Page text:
News Release

Diverse teams survive longer when facing environmental changes

Peer-Reviewed Publication

Carnegie Mellon University

As business ventures grow, they must navigate the opportunities and challenges presented by environmental changes. In a new study, researchers examined the interplay of environmental change and the internal and external conditions governing a venture’s founding. For businesses founded in dynamic environments, they found that assembling more functionally diverse founding teams lead to longer survival when facing increasingly uncertain environments, while functionally homogeneous teams — those with relatively few distinct roles and viewpoints — do better when environments become more predictable.

The study was conducted by researchers at Carnegie Mellon University (CMU), Stanford University, and INSEAD. It is published in the Strategic Entrepreneurship Journal in a special issue entitled “Environmental Change, Strategic Entrepreneurial Action, and Success.”

“Predicting the course of environmental change is difficult, but entrepreneurs who can synchronize their predictions with their decisions about team composition perform better,” suggests D. Carrington Motley, Entrepreneurship Instructor at CMU’s Tepper School of Business, who led the study.

Prior studies on the effect of environmental change on business ventures have examined the role of the impact of recent events. They have not explored how the relationship between recent environmental change and performance outcomes depends on ventures’ past, including environmental conditions when the firm was founded.

“If environmental conditions at founding have a lasting influence on ventures’ internal processes, and recent environmental conditions determine the effectiveness of these processes, it is crucial for our theories of environmental change to account for both periods,” explains Charles E. Eesley, Associate Professor of Management Science and Engineering at Stanford, who coauthored the study.

To address this matter, the study integrated research on the persistence of founding conditions with research on the effects of environmental change. Researchers surveyed more than 140,000 Stanford University alumni to produce a dataset of more than 1,000 entrepreneurs who founded ventures between 1960 and 2011; the ventures represented 19 industries, from agriculture to energy and utilities. Respondents’ self-reported data were verified by cross referencing their information with lists of public and private companies.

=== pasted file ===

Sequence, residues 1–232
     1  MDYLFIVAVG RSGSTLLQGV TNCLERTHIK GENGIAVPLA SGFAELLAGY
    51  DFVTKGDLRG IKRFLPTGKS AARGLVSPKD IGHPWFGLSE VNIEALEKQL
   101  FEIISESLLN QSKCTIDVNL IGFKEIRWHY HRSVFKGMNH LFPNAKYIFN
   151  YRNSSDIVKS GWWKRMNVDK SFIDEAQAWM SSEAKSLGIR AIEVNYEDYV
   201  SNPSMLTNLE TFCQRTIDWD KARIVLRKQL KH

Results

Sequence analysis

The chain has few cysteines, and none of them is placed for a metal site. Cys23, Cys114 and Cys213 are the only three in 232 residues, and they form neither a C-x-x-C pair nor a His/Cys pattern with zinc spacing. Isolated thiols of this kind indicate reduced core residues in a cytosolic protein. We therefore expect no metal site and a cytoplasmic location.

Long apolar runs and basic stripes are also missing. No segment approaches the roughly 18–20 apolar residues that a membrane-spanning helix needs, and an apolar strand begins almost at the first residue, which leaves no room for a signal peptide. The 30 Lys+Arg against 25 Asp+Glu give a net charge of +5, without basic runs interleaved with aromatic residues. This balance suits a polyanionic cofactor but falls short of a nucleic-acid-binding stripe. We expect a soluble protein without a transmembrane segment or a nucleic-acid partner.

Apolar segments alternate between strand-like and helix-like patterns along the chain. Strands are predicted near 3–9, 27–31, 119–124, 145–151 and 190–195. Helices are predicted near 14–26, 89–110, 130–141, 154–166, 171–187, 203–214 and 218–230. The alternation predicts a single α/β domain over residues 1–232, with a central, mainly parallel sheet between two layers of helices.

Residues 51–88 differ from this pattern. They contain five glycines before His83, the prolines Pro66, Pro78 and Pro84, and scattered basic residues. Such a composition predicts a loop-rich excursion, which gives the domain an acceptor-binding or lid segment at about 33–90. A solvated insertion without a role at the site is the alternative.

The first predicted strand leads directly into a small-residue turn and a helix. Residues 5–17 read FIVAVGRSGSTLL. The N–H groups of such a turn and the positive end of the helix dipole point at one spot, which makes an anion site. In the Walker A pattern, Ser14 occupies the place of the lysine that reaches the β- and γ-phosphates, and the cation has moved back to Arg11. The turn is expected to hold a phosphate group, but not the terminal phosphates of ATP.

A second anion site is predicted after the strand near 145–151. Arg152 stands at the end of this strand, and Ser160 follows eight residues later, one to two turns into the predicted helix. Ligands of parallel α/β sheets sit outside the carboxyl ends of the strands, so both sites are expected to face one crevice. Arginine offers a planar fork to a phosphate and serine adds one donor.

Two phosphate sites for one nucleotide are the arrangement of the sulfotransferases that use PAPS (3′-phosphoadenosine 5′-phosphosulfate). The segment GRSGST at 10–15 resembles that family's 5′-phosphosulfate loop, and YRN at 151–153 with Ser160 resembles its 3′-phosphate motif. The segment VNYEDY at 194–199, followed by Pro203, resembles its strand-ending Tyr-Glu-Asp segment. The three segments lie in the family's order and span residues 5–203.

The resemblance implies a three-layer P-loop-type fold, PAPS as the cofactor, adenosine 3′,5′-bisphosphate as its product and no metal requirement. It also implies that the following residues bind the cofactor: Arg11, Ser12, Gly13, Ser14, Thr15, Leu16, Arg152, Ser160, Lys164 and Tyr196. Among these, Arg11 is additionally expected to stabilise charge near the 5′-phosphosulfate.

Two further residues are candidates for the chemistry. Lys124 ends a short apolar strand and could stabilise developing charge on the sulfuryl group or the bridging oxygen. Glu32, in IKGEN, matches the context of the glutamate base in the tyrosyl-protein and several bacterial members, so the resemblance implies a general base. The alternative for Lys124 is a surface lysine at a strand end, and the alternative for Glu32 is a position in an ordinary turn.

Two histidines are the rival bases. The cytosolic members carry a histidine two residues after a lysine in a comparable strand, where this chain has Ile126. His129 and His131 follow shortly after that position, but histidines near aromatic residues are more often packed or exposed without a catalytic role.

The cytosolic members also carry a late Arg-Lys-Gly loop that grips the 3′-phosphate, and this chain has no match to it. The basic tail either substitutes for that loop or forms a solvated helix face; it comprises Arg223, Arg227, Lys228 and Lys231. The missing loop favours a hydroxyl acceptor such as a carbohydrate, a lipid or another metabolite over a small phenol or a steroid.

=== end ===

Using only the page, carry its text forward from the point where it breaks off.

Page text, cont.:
The survey assessed the length of time ventures survived and whether ventures achieved positive liquidity events (e.g., underwent an observed initial public offering or a merger or acquisition). It also asked founders about the functional roles present on their founding teams (e.g., sales and marketing, general administration, operations, finance).

Teams that are functionally diverse have members who occupy a range of roles and have a broader focus, attending to such areas as sales, marketing, manufacturing, and distribution. They also seek out and exchange large amounts of information and debate a wide range of perspectives because many viewpoints are represented.

The interaction of high environmental dynamism — the degree to which environmental changes are unpredictable for firms’ decision makers — at founding and a functionally diverse founding team helped ventures survive longer when environmental dynamism increased over the lifetime of the venture, the study found. However, the same founding conditions resulted in a decreased likelihood of positive exit when environmental dynamism increased over the lifetime of the venture.

Among the study’s limitations, the authors note that ventures created by Stanford alumni may not be representative of ventures in general. Also, data were collected at one point in time and thus did not follow the ventures contemporaneously. Finally, based on the data used, the study produced only indirect evidence of the relationship between the environmental dynamism at founding and a venture’s internal processes.

“Our findings highlight the importance of firms developing capabilities to enable flexibility in decision-making processes, which are often inflexible, which limits firms’ ability to take advantage of unique opportunities provided by environmental change,” notes Wesley Koo, Assistant Professor of Strategy, who coauthored the study.

The research was funded by Sequoia Capital, the Kauffman Foundation, Stanford University School of Engineering, and the Stanford Technology Ventures Program.

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